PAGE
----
FOR all the criticisms of the Aquino administration and exposés of its corrupt doings while trumpeting its “Tuwid na Daan” moral thrust in The Times, we the editors have not ceased praying that the President miraculously decides to do what is really good for the people, the nation and the Philippine Republic.
We fervently pray for him to become less mendacious about the state of our country and to do a better job in the less than 23 months as our president. That is our constant prayer. And it is so not only because it is our Christian duty to God and to ourselves to wish him well (for we fail to be doers of good and we sin if we don’t) but also because his success will mean reforming our government and our society, and a better life for the majority of the Filipino people who are poor and suffering.
We strongly condemn the plan of some retired generals to incite our military men and women to join them in mounting a coup d’état to remove President Aquino from office.
We agree that the citizenry should manifest their anger at the crooked things in the Aquino administration through marches and demonstrations, expressions of dismay and disgust in both the social and in the mainstream media and calls for better governance, honesty and transparency. But we are against the People Power Revolt manner of accomplishing change.
We are grateful to the President for having reformed in the matter of the Freedom of Information (FOI) bill. He had betrayed us all when he turned his back on the vows he solemnly made during the campaign that the passage of a good FOI law was going to be one of his topmost priorities as president. But now he has made up for his betrayal. An FOI law, the Palace has promised, will be passed and enacted soon because the President will work for it.
We fervently hope that he also gets converted away from his tendency to distort reality. In the end this simply means that he tells lies, about the state of our nation, the work his administration is doing and the state of the governance of the Republic.
The biggest of these lies, and which is the root of the illegal acts committed under the unconstitutional Disbursement Acceleration Program (DAP), is that when he assumed office in July 2010, he found an empty treasury. That is what he unarguably meant when he said he found the “budget depleted” and accused the previous administration of corruption in his first SONA and asked the question “Where did the funds go?”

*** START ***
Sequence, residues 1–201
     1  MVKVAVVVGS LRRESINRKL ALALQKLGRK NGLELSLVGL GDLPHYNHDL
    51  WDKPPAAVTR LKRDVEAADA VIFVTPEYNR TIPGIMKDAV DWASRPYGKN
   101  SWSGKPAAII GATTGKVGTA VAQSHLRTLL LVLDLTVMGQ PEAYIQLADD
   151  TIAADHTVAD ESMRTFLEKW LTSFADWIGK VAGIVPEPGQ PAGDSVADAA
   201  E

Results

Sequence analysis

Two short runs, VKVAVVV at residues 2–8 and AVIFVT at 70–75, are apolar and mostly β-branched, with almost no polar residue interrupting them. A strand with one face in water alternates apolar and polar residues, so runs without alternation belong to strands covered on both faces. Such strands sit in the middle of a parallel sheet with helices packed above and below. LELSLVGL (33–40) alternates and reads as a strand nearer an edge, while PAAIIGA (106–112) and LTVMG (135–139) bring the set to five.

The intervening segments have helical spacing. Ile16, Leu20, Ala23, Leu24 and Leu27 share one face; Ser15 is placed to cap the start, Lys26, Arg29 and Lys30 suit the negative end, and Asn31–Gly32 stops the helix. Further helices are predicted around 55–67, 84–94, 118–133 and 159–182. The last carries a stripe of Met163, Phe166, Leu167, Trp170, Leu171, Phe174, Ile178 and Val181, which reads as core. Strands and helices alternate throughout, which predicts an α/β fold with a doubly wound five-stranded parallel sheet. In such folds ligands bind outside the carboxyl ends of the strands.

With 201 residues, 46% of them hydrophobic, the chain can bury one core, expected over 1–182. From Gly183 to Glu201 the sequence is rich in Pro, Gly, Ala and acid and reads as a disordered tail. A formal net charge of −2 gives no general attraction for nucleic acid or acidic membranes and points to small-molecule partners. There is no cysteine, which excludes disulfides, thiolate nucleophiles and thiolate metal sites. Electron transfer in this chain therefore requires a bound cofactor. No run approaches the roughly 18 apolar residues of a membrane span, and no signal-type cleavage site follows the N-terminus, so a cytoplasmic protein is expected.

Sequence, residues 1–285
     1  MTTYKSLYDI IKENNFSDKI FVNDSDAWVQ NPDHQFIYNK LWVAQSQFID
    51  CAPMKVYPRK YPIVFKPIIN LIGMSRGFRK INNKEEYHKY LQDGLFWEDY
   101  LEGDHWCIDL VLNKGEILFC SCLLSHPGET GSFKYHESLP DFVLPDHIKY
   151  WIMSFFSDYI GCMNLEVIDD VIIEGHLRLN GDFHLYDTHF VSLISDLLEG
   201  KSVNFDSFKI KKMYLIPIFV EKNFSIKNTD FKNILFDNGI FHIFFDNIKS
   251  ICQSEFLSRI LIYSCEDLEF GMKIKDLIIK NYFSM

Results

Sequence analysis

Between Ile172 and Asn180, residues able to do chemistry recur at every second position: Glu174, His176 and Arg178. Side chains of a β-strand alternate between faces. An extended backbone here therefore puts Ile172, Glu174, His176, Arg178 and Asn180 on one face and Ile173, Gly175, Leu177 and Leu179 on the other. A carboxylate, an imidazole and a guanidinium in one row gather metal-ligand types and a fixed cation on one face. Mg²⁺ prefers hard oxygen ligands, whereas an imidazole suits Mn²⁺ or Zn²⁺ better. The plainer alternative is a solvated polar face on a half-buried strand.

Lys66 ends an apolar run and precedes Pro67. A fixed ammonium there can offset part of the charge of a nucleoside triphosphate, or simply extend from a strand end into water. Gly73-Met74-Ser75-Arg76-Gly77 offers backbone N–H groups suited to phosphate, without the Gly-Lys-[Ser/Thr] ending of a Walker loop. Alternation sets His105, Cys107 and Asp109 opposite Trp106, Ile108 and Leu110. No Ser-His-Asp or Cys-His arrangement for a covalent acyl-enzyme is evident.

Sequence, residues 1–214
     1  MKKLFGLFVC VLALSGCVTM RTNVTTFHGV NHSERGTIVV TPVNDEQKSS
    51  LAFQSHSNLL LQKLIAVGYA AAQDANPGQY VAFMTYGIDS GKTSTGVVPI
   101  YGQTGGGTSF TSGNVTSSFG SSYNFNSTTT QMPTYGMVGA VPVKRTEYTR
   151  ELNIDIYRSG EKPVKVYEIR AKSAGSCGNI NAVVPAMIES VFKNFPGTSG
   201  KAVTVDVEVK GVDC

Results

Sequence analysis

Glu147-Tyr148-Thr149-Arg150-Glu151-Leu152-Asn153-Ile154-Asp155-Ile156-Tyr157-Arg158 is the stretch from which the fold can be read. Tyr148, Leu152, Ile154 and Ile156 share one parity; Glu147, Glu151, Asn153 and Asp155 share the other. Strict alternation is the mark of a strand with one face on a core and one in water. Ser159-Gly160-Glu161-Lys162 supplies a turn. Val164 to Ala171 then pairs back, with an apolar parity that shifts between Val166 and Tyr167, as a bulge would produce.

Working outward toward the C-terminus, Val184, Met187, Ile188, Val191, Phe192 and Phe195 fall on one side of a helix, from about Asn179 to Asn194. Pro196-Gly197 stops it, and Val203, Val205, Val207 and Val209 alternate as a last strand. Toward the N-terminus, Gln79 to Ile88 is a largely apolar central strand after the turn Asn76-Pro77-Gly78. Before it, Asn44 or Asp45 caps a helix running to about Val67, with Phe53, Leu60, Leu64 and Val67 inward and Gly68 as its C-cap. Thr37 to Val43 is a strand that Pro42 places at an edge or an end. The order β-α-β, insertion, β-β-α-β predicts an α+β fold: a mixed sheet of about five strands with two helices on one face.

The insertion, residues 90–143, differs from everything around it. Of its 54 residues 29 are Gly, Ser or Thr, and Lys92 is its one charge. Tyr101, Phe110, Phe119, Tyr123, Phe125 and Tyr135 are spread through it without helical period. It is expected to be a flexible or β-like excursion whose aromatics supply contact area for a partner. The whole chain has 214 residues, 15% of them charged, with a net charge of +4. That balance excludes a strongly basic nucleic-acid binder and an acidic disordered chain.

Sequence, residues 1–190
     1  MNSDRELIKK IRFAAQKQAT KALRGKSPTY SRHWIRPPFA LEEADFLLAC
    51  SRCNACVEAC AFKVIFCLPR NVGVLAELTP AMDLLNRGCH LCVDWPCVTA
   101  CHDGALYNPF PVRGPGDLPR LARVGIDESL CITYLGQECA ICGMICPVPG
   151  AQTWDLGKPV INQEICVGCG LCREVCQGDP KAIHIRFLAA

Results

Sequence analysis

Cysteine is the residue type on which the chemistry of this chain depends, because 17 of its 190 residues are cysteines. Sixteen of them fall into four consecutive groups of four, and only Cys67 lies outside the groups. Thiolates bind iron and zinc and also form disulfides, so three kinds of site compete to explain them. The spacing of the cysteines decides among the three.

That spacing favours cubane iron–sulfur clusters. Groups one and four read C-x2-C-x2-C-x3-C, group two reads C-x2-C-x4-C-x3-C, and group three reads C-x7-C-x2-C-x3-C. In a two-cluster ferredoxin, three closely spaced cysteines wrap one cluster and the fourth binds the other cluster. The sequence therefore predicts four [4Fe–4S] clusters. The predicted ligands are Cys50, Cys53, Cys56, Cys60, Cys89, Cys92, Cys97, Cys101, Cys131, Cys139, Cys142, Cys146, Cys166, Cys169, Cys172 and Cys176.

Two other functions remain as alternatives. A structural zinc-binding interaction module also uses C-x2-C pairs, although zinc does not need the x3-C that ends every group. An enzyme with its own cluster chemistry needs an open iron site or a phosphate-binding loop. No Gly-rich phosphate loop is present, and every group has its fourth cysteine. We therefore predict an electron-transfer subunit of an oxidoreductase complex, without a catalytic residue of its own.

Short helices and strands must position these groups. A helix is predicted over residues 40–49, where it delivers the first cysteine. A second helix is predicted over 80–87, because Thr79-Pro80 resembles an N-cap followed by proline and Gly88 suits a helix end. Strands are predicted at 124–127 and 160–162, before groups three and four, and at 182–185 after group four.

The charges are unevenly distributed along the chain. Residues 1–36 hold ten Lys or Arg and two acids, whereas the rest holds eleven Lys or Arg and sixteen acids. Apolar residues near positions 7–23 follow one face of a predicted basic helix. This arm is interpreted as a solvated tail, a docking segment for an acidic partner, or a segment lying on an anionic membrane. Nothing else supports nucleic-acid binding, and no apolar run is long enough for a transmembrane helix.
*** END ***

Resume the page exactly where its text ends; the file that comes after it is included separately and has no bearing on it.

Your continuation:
Because of this distorted, wrong and dishonest finding, he then decided to cancel ongoing and the scheduled-to-be-launched major projects. All of these projects had funds for their implementation properly appropriated by the Congress. The funds for these cancelled and suspended projects were the cash resources that the President and Secretary of the Budget Florencio Abad turned into money for the DAP. Alas, the result of the project cancellations was the sinking of the Gross Domestic Product growth rate in 2011 to 3.64 percent—from the high and internationally admired growth rate of 7.63 percent in 2010. This fast rate of growth was an achievement of the Arroyo administration, the Overseas Filipino Workers and the Bangko Sentral.
Another big lie is the justification for the Framework Agreement and the Comprehensive Agreement on Bangsamoro and the formation of a Transition Commission for the Bangsamoro, which the President gave absolute power to draft the Bangsamoro Basic Law (or mini constitution).
There are many other lies. The latest one is the presence of several lump sum items in the President’s proposed national budget for 2015. One of these items is the P501-billion Special Purpose Funds. This and all the lump sum items go against the President’s original avowals of total transparency especially in money matters. It mocks his Tuwid na Daan avowals. His administration is supposed to have no mysteriously hidden wealth, no money allotted for undefined projects and purposes. He and the Liberal Party heralded the “zero-based budgeting” system as the big difference between Aquino and Arroyo. Like the DAP, this monster of a financial invention called the P501-billion Special Purpose Funds mocks “zero-based budgeting.” The President has to rework the 2015 budget proposal and make it more truthful, transparent and consistent with the high moral tone of Tuwid na Daan.
All of these lies, in the President’s effective delivery, sound so sincere. But they become painfully devastating betrayals when shown to be mendacities.
They lead us to wonder: Have his trusted men duped him into accepting these fabrications as the truth? Or, did he himself concoct these falsehoods?